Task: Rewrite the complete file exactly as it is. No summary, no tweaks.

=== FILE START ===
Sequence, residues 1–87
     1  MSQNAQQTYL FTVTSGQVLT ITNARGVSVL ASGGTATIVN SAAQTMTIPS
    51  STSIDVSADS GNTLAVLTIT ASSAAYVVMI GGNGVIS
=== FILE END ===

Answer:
Sequence, residues 1–87
     1  MSQNAQQTYL FTVTSGQVLT ITNARGVSVL ASGGTATIVN SAAQTMTIPS
    51  STSIDVSADS GNTLAVLTIT ASSAAYVVMI GGNGVIS